Precise assembly of functional neural circuits requires strictly regulated sequential wiring of individual axons during nervous system development. Disruption of the axon pathfinding by neurodegenerative disorders engenders severe impairments in both motor and cognitive functions1,2. For the regeneration of a damaged nervous system, it is crucially important to understand the inherent regulatory mechanisms of the neuronal wiring. In developing brains, extending axons are navigated to their correct targets by multiple extracellular guidance cues secreted or exhibited by the surrounding cells3. An axon recognizes the cues with their receptors on the growth cone, dynamic actin-rich structure at the nerve ending4. The cue-induced receptor activation triggers downstream attractive or repulsive signaling cascades, resulting in cytoskeletal remodeling of growth cone to turn the extending axons in the direction of their correct targets. To date, the dynamic behaviors of the growth cone have been investigated mainly in cultured primary neurons, using established in vitro experimental techniques such as asymmetric chemical gradients around the growth cone5,6,7,8. However, the developing axons in an embryo are surrounded by a highly complicated environment with heterogeneous extracellular matrix and cellular barriers, which strongly affect the axon pathfinding. To assess the dynamic influence of the surrounding complex milieu on the developing axons during their pathfinding in vivo, a novel method is necessary for the direct manipulation of the axon guidance signaling in living animals.

Optical modulation of protein activity has gained attention as a promising approach to dissect various biological phenomena in intact organisms, represented by functional analysis of neural circuits with light-gated ion channels9,10. Recently, some receptors and kinase proteins have also been converted into photo-activatable forms using plant or bacterial photoreceptor proteins, which change their conformation upon light absorption at a specific wavelength11,12,13,14. Unlike activation with natural or synthetic ligand injection, which has low spatiotemporal precision due to their diffusion, rapid and local light delivery enables precise photo-activation of the target proteins with millisecond and subcellular resolution. Therefore, photoreceptor proteins have great potential for unveiling the intrinsic dynamics of biological events in living animals. Cryptochrome 2 (CRY2), a photoreceptor protein derived from Arabidopsis thaliana, forms a cluster upon blue light (440–488 nm) illumination15. Photo-clustering of CRY2 is applicable for the oligomerization and activation of proteins, thereby providing us a new strategy to generate photo-activatable proteins16,17,18,19.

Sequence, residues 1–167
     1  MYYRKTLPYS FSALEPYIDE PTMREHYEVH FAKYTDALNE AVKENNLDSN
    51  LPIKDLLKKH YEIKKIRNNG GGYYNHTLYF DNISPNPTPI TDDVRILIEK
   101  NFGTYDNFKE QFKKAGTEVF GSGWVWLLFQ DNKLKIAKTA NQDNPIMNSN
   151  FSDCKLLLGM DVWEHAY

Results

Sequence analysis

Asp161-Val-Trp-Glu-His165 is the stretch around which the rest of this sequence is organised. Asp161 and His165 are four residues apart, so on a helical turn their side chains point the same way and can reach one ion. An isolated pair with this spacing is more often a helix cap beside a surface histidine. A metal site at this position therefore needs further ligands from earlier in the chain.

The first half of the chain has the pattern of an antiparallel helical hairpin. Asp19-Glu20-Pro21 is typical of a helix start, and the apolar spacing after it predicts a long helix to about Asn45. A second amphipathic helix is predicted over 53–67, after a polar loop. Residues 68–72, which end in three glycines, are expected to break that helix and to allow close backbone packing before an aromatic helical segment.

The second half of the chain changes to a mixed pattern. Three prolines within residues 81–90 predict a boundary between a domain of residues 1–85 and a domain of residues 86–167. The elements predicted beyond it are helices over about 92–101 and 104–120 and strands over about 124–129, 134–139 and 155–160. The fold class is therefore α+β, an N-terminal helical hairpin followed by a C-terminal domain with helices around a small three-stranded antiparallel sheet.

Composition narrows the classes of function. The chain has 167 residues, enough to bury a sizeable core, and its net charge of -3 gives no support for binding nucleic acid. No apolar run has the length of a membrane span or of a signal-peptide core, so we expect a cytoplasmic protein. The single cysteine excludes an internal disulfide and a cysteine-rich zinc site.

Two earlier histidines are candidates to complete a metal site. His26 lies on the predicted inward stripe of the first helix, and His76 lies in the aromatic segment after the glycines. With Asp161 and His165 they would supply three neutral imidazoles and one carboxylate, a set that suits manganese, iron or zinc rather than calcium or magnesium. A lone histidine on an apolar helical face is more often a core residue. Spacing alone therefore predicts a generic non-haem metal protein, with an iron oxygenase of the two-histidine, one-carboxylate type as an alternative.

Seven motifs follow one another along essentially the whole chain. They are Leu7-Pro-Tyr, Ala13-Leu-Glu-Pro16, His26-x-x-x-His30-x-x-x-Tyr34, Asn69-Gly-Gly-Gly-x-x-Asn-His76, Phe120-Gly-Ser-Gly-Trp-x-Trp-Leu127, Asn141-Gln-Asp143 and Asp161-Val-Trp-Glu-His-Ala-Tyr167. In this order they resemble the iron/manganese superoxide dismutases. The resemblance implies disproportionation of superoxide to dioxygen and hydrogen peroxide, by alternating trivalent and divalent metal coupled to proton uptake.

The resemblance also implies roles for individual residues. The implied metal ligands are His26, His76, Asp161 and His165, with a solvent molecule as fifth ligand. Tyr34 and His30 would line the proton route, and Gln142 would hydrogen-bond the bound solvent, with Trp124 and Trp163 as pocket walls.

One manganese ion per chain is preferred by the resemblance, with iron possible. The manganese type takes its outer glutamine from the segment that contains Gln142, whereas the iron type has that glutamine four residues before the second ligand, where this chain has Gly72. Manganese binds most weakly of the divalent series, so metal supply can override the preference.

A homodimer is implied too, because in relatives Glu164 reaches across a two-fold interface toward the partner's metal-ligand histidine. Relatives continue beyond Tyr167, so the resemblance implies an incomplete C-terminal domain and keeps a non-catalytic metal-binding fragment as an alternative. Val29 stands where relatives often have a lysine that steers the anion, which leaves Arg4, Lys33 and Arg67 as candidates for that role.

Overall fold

Here, we show a photo-activation system for DCC, an axon guidance receptor protein embedded in the plasma membrane. Cytoplasmic domain of DCC oligomerizes upon its extracellular ligand binding, which is crucial for the activation of intracellular signaling to induce cytoskeletal remodeling20. To control the oligomerization by external light, CRY2 is connected genetically with DCC, named photo-activatable DCC (PA-DCC). PA-DCC enables us to induce axon attraction by blue light illumination in chick DRG neurons. Finally, we demonstrate its applicability for the in vivo light-induction of growth cone turning in the nematode Caenorhabditis elegans.


Light-dependent activation of PA-DCC molecules

Reportedly, the attachment of GFP to the N-terminus of CRY2 reduces weak or transient self-association with endogenous CRY2 in dark without disturbing light-induced cluster formation15,21. To reduce the basal oligomerization level of the engineered DCC protein in a dark state, the cytoplasmic tail of DCC was connected with the amino-terminal end of CRY2 via a flexible GS linker (GGRGGGGSGGGGS), resulting in a protein named PA-DCC (Fig. 1a). Because of the light-dependent CRY2 oligomerization, we inferred that fused DCCs might undergo oligomerization and consequent activation, leading to axonal attraction (Fig. 1b).

Figure 1
figure 1

Schematics for the structures and photo-activation model of PA-DCC.

(a) Domain structures of PA-DCC molecules. All text in italics refers to the genes of their corresponding proteins. CMV, CAG and Punc-47 represent promoters for gene expression. DCC or UNC-40 is connected with CRY2 via GS linker (GGRGGGGSGGGGS). Venus is a yellow fluorescent protein whose sequence is optimized for C. elegans expression. White squares show epitope V5 or myc tags. (b) Schematic diagram for the strategy of DCC activation with blue light illumination.